First, it was the first time anyone has challenged the law based on the First and Fifth Amendments; until now all the challenges have been on an individual being discharged because they’re gay. But to take the approach that keeping quiet about your sexual orientation is a violation of free speech and being discharged for it is a violation of self-incrimination is remarkable for its common sense and fundamental rightness. Whether or not you believe that gays and lesbians should serve openly in the armed forces, it’s very hard to make the argument that they, unlike the straight soldiers, cannot talk openly about their personal lives or be discharged for saying that they went out on a date last night with someone of their same sex. It’s discrimination, and in a country founded on the idea of equal rights for all, it’s wrong.
The second good was that this case was brought by the Log Cabin Republicans; the gay GOP group. As hard as it might be to get your mind around the idea of gay Republicans — after all, the GOP has made a lot of money and secured their base as the Anti-Gay Party — but the reality is that like every group, not everyone thinks alike. And in a way I admire the Log Cabin Republicans for taking the case to the court. It makes it a little tougher for the homophobes in the GOP to claim that this was the doings of liberals. They’ll still come up with the canard of judicial activism — an unelected judge is making laws — but, like the Bill of Rights, that’s how our system works.
There’s been some justifiable impatience from gay-rights advocates that the Obama administration has not done enough to put an end to DADT. After all, the president campaigned on it and a lot of people voted for him based on the assumption that he would immediately lift the ban by executive order. But following the legislative route guarantees that the next Republican president can’t reinstate it, and if the rulings in the courts are upheld, it relieves the administration of the responsibility for lifting the ban on their own, providing them with political cover. (I’m shocked, shocked to find politics going on here!) Frankly, I would rather we went through the sometimes aggravating process of lawmaking rather than rely on executive orders and lower court rulings. There is, at least, the impression of permanence.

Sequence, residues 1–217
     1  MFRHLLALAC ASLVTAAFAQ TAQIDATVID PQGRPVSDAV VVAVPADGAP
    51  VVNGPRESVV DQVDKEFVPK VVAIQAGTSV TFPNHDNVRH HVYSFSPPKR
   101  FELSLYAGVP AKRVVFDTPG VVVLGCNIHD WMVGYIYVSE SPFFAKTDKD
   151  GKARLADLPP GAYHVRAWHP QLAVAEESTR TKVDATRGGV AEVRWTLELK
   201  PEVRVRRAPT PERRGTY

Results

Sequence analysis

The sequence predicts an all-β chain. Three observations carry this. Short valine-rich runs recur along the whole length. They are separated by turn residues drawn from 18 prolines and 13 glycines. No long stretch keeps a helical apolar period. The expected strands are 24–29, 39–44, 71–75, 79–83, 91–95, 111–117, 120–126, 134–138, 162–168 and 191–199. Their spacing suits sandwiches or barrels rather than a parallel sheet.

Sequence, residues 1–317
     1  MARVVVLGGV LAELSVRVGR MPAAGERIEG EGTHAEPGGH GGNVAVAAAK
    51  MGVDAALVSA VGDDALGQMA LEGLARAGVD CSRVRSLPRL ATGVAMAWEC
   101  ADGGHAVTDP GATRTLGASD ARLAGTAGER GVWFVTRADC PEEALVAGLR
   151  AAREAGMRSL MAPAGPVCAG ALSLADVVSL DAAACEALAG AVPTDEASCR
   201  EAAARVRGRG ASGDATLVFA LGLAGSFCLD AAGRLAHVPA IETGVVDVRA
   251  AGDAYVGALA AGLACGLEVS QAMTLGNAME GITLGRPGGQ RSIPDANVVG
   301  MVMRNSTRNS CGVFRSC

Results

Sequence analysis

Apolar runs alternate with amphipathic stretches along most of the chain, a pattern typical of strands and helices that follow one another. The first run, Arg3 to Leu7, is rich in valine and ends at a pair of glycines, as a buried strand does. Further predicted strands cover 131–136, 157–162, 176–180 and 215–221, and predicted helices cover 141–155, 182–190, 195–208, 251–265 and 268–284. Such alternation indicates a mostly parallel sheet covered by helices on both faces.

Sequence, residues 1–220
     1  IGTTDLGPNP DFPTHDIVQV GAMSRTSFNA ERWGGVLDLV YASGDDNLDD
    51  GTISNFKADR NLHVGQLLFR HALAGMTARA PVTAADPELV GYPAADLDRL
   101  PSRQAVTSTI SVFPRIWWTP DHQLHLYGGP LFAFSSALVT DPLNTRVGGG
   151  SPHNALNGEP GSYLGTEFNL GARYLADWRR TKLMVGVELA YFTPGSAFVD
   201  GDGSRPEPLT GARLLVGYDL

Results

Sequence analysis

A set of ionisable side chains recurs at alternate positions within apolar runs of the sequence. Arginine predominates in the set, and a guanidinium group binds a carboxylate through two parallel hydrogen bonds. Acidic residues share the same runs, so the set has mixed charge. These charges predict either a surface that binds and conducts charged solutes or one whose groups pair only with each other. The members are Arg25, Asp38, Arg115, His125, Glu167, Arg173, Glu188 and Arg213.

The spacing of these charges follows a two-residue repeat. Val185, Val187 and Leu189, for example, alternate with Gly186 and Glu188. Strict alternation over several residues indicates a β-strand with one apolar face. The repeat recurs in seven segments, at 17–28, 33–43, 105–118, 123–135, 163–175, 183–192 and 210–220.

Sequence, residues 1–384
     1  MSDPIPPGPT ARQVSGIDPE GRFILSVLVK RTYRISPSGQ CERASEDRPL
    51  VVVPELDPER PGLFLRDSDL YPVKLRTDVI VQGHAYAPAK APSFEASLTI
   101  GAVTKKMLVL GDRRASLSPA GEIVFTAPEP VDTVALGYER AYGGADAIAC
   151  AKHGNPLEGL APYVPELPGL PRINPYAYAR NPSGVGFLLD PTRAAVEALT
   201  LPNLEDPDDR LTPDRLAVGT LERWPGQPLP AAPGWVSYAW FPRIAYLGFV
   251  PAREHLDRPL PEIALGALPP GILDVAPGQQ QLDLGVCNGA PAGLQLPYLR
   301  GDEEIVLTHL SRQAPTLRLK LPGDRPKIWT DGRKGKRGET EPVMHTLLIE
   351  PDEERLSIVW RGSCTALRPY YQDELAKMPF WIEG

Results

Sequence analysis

This ruling comes at a time when DADT is in the process of being repealed by Congress; the House has already passed it and now we’re just waiting for the Senate. Whether or not this will advance the clock on it is uncertain, but like the ruling on Prop 8 last month from the federal court, the tide is turning.